First prize went to CathWear, an all-in-one medical undergarment for catheter leg bag users created by Massachusetts inventor and U.S. Air Force veteran Brian Mohika. Finishing second was Explorer’s Guide Online, a series of digital maritime-licensing courses created by Wisconsin innovator and U.S. Coast Guard veteran Bobby Carsey. Third prize was captured by At Ease Rentals Corp., a Texas-based startup that arranges temporary lodging for transient military and federal-government personnel and their families, created by U.S. Marine Corps veteran Anthony Gantt Jr.

Cross purposes: Albany has completed nearly 300 pedestrian-safety measures across Long Island.

Talking the walk: Several pedestrian-safety projects have been completed across Long Island as part of Gov. Andrew Cuomo’s five-year, $110 million New York State Pedestrian Safety Action Plan.

Cuomo announced the completion of the $6.1 million opening phase on Thursday. Among the Phase One work: upgrades at 225 uncontrolled crosswalks across Nassau and Suffolk, plus the installation of two dozen new crosswalks and new signage and traffic signals at locations throughout the two counties – including 60 audible pedestrian signals along Hempstead Turnpike in Nassau and signal upgrades at six locations along Montauk Highway in Bridgehampton.

The governor also put a bow on a separate, $3.3 million project that installed wheelchair-accessible ramps and other enhancements at 39 different Nassau and Suffolk locations. “These enhancements … are helping to create safer, more walkable communities across Long Island,” Cuomo said. “By making these significant investments, we are supporting the growth of eco-friendly transit, increasing safety and accessibility, and improving quality of life for Long Islanders.”



Different strokes: But it’s all based on computer science, as Stony Brook University professors snag hefty federal grants focused on cybersecurity and alcoholism (yep).

Speed writers: COVID-19 is still among us – but already there’s “Leading Through A Pandemic,” a new book detailing Northwell Health’s coronavirus response.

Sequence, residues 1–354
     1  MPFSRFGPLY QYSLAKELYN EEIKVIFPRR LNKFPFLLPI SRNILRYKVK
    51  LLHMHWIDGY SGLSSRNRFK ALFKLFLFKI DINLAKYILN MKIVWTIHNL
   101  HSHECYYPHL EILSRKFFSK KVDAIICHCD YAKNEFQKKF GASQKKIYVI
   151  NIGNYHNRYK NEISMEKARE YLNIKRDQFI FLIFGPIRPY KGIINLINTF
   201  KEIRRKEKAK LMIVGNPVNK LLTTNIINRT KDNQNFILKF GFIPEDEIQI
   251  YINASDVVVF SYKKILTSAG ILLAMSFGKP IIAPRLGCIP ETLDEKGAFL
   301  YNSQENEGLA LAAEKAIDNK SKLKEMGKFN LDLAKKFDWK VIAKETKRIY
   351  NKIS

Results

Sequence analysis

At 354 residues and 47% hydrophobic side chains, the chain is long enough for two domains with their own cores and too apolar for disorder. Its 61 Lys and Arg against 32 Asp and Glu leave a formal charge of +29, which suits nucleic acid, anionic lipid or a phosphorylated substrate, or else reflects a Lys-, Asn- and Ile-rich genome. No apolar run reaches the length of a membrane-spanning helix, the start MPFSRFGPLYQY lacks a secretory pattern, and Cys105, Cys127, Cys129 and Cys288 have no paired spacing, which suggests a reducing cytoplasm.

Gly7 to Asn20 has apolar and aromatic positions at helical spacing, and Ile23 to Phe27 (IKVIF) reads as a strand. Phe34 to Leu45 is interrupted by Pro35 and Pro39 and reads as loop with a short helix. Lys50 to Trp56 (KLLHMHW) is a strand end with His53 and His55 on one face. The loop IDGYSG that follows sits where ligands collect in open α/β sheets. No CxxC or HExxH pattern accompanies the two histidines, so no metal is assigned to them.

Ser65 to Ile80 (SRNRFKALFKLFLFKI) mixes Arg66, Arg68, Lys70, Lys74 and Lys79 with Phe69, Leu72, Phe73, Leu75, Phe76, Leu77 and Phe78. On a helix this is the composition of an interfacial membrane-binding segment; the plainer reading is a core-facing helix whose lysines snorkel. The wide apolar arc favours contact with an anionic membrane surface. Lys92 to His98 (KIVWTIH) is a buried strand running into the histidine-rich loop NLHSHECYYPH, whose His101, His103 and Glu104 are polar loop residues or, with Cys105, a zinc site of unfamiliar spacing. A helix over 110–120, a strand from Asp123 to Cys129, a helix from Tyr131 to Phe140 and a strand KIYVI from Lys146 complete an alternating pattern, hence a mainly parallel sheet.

Innovation in the Age of Coronavirus: Negative news on new positives, crowded bars emptied out and lots more to learn in Long Island’s one-and-only pandemic primer.



A warning about Big Tech overregulation, a shocking epilepsy breakthrough and another strong quarter for (pandemic-proof?) New York Community Bank.



Innovate LI’s inbox overrunneth with inspirational innovations from all North American corners. This week’s brightest out-of-towners:

From California: Los Angeles-based dining doyen Virtual Restaurant Consulting cooks up a new online resource for mom-and-pops struggling through the pandemic.

From Utah: Salt Lake City-based postmortem producer lives up to its name with posthumous video presentations.

From Nebraska: Omaha-based software startup Swishboom programs a new babysitting app for working parents in the Age of Coronavirus.



Marc Suntup

Marc Suntup has been hired as vice president of development at Hauppauge-based Island Harvest Food Bank. He previously served as chief development officer at Commack-based Gurwin Jewish Healthcare Foundation.

+ Philip Castrovinci has been hired as a family lawyer at Syosset-based Simonetti & Associates. He previously served as an associate at Hauppauge-based Petroske Riezenman & Meyers.

+ Alain Alisca has been hired as an associate in the real estate group at East Meadow-based Certilman Balin Adler & Hyman. He previously served as an intern at the Hempstead-based Law Offices of Frederick K. Brewington.

+ Andrew Godwin has been hired as a surgeon at Huntington-based Long Island Obesity Surgery. He completed his fellowship in minimally invasive/bariatric surgery at Lennox Hill Hospital in Manhattan.

+ Kevin McGeachy has been hired as senior vice president for administration at John T. Mather Memorial Hospital in Port Jefferson. He previously served as senior vice president of strategic alliances at New Hyde Park-based Northwell Health.

+ David Sank has been hired as vice president of operations and logistics at Hauppauge-based Island Harvest Food Bank. He previously served as chief operating officer and executive vice president of sales and marketing at Amityville-based Calico Cottage.

+ John Coraor has been hired as interim director of the Huntington-based Heckscher Museum of Art. He previously served as director of cultural affairs for the Town of Huntington.



Smart move: Why CRM specialist Salesforce is getting into education.

To the core: The skinny on Apple’s new subscription packages.

Heart and goal: The “emotional intelligence” of Google’s remote-work policy.

Creative approach: From branding strategies to web design to multifaceted marketing campaigns, nobody promotes client growth like Bowen, a hotbed of regional innovation and one of the amazing firms that support Innovate LI. Check them out.